Control is a big part of my anxiety, but I had trained myself to be prepared to lose control during labour – not knowing when, where or how it was going to happen – I had calming aromatherapy oil ready, was taking plenty of walks (for several reasons: 1) the dog, 2) the air, 3) to relax and 4) to get baby moving) and had made my birth plan as clear as possible with my preferences, my non-negotiables and what I was ‘prepared’ for should it need to happen.
3 days after my due date, the contractions started, and I was surprisingly calm. I didn’t tell my husband when they started at 12.30 am, instead waiting until 5.30 am when we were both awake. I was excited; he began to realise what was about to happen, and 3 days later, we were at out final destination. Yes, 4 days of labour (although it doesn’t count before 4 cm dilation apparently, and that took 3 days). It was after 3 visits to our local hospital, the ambulance to another hospital, the epidural, the hormone drip, and 5 different midwives that I was told I was ready to push. Panic hit. I didn’t know how to do that. No-one had prepped me for that. I had to get this long awaited baby out of me, and it was happening now. No time for the panic to take hold, I had a job to do – now.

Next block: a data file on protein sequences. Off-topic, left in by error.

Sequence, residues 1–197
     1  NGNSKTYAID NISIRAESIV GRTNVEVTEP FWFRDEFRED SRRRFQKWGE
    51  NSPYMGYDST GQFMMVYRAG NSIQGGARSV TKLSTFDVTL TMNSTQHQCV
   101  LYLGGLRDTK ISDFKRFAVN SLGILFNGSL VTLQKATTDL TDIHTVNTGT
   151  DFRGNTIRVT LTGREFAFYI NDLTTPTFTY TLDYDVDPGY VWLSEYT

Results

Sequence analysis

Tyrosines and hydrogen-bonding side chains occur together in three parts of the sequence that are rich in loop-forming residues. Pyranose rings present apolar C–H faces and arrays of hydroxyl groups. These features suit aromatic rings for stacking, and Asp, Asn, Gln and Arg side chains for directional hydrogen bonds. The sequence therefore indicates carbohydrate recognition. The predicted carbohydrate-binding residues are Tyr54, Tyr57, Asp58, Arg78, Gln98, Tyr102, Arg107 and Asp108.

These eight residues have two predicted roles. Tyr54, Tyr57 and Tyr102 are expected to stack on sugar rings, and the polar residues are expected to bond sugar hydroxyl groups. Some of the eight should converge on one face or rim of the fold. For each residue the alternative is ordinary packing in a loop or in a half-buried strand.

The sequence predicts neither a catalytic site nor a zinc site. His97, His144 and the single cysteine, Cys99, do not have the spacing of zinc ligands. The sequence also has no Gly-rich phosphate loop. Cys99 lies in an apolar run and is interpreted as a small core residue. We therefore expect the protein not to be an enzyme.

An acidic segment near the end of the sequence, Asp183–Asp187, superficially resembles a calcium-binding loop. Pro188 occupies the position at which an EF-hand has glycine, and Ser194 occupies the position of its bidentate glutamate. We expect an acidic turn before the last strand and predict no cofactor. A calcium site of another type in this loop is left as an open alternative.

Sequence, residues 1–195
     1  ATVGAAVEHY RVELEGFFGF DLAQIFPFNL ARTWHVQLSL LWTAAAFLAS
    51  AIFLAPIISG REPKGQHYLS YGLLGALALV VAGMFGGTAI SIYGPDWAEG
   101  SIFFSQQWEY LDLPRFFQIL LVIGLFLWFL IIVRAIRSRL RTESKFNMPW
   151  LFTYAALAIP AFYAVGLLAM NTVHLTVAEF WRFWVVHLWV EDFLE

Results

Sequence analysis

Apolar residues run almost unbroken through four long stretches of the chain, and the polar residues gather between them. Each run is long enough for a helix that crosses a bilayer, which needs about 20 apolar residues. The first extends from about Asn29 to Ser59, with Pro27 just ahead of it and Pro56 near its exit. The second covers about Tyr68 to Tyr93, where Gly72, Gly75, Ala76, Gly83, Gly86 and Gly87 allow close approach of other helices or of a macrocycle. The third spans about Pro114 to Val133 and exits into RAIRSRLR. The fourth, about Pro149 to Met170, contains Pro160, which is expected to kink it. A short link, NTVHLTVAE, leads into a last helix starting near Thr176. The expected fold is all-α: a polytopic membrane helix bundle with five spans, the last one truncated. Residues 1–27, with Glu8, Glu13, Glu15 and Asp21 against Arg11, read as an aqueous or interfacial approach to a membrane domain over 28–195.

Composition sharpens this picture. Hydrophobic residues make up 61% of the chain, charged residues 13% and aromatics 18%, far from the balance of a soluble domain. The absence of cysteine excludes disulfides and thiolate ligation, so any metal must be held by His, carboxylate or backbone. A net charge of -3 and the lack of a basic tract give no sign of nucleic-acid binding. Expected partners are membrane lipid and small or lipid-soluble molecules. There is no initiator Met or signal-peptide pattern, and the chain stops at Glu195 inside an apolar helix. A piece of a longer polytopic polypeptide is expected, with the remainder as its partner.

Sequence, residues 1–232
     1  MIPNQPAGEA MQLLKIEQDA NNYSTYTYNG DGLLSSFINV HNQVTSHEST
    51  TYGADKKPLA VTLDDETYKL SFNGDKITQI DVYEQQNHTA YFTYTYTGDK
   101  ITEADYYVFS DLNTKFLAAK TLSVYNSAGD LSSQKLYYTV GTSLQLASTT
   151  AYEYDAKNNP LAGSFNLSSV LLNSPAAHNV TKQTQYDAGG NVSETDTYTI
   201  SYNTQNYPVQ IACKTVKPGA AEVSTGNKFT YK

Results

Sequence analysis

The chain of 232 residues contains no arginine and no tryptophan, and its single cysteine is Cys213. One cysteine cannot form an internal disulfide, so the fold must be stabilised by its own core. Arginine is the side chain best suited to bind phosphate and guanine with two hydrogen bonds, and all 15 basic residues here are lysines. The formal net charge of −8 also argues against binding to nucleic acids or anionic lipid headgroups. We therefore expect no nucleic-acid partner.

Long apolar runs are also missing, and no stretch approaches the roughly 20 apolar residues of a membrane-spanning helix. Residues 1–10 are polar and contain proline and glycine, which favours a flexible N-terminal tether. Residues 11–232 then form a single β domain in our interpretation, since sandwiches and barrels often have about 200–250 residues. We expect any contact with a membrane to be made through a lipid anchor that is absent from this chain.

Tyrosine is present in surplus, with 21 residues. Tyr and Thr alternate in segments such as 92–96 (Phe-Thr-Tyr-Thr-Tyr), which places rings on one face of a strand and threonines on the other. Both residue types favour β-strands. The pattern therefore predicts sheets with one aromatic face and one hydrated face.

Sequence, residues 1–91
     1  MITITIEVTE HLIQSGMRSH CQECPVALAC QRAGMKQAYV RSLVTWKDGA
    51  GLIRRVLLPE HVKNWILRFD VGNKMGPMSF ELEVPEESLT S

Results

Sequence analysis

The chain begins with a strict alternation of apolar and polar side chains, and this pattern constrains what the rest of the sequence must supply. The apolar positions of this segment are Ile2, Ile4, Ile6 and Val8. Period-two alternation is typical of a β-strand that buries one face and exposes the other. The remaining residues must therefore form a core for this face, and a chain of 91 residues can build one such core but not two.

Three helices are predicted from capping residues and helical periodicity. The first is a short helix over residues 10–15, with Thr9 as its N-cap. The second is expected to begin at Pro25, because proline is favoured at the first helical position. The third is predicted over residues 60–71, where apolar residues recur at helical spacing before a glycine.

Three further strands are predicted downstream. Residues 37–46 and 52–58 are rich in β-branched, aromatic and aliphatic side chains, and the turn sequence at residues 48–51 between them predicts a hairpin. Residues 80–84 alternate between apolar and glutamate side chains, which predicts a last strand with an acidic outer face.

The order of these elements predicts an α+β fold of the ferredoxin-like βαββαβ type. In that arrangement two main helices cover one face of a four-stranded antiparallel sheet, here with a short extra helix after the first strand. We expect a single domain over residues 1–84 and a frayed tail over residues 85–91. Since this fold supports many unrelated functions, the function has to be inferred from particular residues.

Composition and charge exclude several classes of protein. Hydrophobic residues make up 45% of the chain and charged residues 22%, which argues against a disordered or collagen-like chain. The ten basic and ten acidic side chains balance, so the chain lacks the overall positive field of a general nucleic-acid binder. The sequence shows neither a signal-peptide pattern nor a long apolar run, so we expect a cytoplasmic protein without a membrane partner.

I’ll skip the details, but she arrived and we spent 3 days in hospital to keep an eye on us both. It was comforting to know I had midwives and doctors around should I need them; it was not comforting having my husband leave at the end of visiting hours and it just being me. I had to keep this new life living, and apparently she did not want to sleep.
I had hardly slept for 4 days, and then was awake for each night in the hospital, trying to feed Baby Girl. My worry became that I would fall asleep while feeding her, and squash or suffocate her, so I walked for hours and hours, backward and forward on the ward. I sent growingly desperate text messages to my husband through the night, counting down the hours until he would be back on the ward with me and I could rest.
So, no sleep, new hormones, the most painful nipples thanks to Baby Girl being tongue tied, a constantly hungry baby and no husband allowed at the precise time I needed him. A rough start.
My midwife had already said she would keep me on her list for longer than normal, due to previous bouts of depression, and my confession to anxiety during my pregnancy. I, therefore, knew I would have plenty of visits, which were great when I got home, but it still left me with a lot of time where I had to keep her alive.
And so, this is what happened – not everyday, but these posts are some of my anxieties, concerns, questions and events that make me an anxiety filled mum.
Thank you @HonestMum for the #Brilliantblogposts